After massively underperforming this year, AT&T stock has pulled off a sharp recovery. Yet, shares still trade at just 6-times forward earnings. This valuation does not appear to fully reflect AT&T’s improving fundamentals.
As momentum accelerates, I believe now is a good time to buy this high-yielding telecom stock. AT&T generates plenty of cash to support its dividend with room left over for deleveraging. For income investors, it offers an optimal mix of safety, yield, and turnaround potential after years of struggles. I don’t think you’ll regret owning T shares five years from now.
Enterprise Products Partners (EPD)
Enterprise Products Partners (NYSE:EPD) is not as massive as IBM or AT&T at a $55 billion market cap. However, for investors seeking both high yields and safety, this midstream company is hard to top.
Enterprise operates an integrated network of pipelines, storage facilities, and other energy infrastructure across North America. As one of the largest midstream MLPs, it has a diversified asset footprint that provides stable fee-based revenue.
Not surprisingly, Enterprise Products Partners has been an extremely reliable stock over the years. It has raised its distribution for 26 consecutive years now. The stock’s current yield stands at a hefty 7.6%.
Meanwhile, the company retains solid distribution coverage of 1.7x along with an investment-grade balance sheet. Leverage of 3.0-times debt/EBITDA is right in the middle of Enterprise’s targeted range. Conservative financial stewardship provides peace of mind for income investors.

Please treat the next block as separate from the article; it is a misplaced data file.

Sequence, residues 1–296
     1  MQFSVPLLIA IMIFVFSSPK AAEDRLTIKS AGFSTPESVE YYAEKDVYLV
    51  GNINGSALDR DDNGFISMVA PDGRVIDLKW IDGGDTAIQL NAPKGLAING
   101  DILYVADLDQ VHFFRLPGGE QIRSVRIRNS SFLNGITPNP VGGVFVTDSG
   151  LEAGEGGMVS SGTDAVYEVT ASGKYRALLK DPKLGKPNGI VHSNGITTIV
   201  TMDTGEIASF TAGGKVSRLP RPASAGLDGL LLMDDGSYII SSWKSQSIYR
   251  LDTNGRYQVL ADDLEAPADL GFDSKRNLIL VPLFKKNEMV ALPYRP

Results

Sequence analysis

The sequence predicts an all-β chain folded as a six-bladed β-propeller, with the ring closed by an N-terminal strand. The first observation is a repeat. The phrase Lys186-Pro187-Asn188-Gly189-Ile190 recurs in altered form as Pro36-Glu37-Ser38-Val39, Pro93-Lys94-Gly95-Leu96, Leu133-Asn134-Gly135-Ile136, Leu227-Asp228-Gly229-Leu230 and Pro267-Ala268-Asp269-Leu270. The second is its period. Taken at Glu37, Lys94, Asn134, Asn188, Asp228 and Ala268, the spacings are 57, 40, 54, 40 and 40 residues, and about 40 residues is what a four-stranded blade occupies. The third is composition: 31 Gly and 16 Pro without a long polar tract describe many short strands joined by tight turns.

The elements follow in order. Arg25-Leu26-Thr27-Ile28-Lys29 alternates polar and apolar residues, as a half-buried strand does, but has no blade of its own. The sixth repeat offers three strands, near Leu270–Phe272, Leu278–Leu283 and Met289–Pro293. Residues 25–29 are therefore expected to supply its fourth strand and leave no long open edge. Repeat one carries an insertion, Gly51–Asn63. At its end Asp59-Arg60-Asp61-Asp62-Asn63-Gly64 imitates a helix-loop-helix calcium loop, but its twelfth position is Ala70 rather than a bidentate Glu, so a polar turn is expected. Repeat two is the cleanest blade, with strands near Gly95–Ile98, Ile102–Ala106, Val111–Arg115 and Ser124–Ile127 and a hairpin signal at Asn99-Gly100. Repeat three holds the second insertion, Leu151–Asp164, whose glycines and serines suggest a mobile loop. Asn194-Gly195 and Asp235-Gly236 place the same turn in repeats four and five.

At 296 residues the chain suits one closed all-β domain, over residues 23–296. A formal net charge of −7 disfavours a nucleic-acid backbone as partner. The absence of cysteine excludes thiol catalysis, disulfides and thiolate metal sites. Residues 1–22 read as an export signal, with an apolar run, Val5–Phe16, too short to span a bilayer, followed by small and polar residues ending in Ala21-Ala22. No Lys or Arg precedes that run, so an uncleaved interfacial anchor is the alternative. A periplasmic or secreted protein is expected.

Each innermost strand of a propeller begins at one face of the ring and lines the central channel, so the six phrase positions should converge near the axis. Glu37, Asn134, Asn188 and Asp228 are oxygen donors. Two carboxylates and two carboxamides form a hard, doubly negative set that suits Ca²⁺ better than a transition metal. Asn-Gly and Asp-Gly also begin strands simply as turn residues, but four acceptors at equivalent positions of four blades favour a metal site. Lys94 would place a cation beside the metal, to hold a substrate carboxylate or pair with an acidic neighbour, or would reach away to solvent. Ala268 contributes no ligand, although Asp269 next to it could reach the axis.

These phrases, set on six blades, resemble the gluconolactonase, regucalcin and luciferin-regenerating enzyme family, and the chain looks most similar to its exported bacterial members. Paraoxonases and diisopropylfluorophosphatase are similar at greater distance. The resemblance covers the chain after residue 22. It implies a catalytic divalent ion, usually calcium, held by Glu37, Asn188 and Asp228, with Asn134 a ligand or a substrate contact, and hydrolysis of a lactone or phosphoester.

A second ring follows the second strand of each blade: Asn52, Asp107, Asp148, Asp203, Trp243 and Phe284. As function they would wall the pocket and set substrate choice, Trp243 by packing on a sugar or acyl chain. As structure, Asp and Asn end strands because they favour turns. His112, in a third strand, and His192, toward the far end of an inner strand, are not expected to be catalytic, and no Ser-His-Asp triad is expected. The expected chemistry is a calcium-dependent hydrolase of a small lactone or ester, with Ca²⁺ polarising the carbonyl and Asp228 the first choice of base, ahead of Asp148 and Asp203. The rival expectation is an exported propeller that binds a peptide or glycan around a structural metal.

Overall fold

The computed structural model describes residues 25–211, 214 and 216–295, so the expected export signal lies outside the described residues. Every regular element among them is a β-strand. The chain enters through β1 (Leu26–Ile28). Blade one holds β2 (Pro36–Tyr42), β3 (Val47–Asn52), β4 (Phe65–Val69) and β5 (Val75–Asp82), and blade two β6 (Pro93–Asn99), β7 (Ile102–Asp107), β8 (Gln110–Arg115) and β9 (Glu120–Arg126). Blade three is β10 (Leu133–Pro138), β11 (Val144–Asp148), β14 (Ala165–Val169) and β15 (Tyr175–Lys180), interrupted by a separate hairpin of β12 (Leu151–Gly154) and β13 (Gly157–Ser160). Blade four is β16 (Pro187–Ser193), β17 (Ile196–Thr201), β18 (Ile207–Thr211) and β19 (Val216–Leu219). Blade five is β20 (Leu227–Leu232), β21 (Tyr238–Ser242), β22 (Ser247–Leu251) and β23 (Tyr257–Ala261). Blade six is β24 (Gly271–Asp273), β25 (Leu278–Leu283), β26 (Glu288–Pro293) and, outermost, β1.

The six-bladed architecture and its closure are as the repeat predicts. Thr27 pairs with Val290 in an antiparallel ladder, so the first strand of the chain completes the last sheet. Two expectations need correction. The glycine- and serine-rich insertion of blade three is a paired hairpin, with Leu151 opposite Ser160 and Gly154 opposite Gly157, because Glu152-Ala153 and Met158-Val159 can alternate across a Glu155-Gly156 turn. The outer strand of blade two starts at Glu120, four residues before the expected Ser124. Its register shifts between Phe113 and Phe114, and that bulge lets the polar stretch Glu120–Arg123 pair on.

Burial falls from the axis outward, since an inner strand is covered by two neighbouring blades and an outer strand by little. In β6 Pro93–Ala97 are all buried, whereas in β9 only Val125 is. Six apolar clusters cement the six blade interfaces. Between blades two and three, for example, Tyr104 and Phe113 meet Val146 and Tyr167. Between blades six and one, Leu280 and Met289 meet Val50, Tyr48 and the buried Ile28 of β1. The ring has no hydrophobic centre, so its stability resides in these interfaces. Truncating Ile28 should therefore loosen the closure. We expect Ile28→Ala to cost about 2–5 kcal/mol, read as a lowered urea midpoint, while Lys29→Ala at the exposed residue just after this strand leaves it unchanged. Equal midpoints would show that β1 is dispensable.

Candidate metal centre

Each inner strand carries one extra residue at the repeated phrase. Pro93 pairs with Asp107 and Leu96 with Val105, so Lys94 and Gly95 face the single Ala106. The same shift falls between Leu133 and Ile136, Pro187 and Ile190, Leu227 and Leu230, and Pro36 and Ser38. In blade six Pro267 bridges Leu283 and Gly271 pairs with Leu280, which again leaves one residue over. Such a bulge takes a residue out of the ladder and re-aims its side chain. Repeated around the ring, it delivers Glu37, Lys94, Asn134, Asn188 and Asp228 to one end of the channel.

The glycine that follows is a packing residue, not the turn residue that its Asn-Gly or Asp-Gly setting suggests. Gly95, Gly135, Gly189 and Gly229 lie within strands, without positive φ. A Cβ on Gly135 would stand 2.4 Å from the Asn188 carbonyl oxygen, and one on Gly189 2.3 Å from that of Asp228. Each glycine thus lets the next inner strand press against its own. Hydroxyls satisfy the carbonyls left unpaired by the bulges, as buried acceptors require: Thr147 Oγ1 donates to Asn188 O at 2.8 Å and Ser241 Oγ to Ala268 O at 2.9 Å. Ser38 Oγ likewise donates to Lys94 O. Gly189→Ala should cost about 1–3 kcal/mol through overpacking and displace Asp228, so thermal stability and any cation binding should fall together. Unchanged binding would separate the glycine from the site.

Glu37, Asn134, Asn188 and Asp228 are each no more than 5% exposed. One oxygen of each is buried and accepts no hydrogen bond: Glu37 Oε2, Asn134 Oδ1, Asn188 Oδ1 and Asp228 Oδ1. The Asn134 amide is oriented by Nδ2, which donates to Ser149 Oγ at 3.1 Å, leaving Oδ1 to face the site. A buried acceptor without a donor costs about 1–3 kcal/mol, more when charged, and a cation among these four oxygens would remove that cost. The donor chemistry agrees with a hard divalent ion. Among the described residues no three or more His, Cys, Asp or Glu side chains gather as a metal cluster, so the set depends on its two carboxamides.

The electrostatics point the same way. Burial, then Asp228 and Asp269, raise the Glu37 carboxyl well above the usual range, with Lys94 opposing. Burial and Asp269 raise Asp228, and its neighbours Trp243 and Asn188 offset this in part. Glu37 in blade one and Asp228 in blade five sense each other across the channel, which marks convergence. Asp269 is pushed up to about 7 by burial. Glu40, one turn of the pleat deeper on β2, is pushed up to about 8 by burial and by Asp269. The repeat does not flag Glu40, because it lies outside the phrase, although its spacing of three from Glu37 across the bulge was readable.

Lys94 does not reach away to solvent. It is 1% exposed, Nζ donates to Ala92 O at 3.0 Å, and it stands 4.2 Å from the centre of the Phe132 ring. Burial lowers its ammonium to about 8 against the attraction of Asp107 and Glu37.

With U.S. oil and gas production surging this year, midstream companies like Enterprise are running near full capacity. In fact, the company’s pipelines transported record volumes in Q3 2023.
Looking ahead, Enterprise sees strong tailwinds continuing thanks to profitable shale drilling and global demand for exports. It just announced $3.1 billion of new Permian investments, including gas plants, pipelines, and other infrastructure to support production growth.
Between high distributions, a solid financial position, and strong industry tailwinds, Enterprise Products Partners checks all the boxes for a safe income stock. And at just 11-times forward earnings, the valuation seems very reasonable.
On the date of publication, Omor Ibne Ehsan did not have (either directly or indirectly) any positions in the securities mentioned in this article. The opinions expressed in this article are those of the writer, subject to the InvestorPlace.com Publishing Guidelines.